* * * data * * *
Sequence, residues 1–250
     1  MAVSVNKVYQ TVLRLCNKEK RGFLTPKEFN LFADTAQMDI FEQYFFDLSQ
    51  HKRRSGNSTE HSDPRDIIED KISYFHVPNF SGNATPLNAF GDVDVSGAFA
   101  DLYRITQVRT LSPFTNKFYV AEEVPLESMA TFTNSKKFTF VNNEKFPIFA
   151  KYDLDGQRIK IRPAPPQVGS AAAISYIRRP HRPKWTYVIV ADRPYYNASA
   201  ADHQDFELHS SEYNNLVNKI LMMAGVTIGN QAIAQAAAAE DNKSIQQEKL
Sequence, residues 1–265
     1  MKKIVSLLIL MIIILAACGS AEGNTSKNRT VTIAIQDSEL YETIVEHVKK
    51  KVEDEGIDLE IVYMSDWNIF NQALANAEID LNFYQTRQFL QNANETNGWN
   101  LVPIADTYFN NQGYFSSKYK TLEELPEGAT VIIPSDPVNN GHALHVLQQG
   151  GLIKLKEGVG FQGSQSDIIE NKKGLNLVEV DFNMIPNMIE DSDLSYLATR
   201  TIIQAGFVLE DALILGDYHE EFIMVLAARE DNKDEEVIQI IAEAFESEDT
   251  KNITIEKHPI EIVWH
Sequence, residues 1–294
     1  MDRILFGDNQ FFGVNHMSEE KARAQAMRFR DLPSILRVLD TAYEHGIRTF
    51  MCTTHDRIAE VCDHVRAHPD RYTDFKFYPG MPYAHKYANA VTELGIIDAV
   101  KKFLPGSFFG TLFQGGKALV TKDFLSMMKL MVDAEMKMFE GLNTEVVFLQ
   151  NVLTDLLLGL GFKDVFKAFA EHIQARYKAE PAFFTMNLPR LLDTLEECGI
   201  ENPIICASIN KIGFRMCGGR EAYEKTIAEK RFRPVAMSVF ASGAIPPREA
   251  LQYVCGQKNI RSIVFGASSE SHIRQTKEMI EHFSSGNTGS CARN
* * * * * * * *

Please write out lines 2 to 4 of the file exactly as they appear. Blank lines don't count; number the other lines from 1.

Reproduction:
     1  MAVSVNKVYQ TVLRLCNKEK RGFLTPKEFN LFADTAQMDI FEQYFFDLSQ
    51  HKRRSGNSTE HSDPRDIIED KISYFHVPNF SGNATPLNAF GDVDVSGAFA
   101  DLYRITQVRT LSPFTNKFYV AEEVPLESMA TFTNSKKFTF VNNEKFPIFA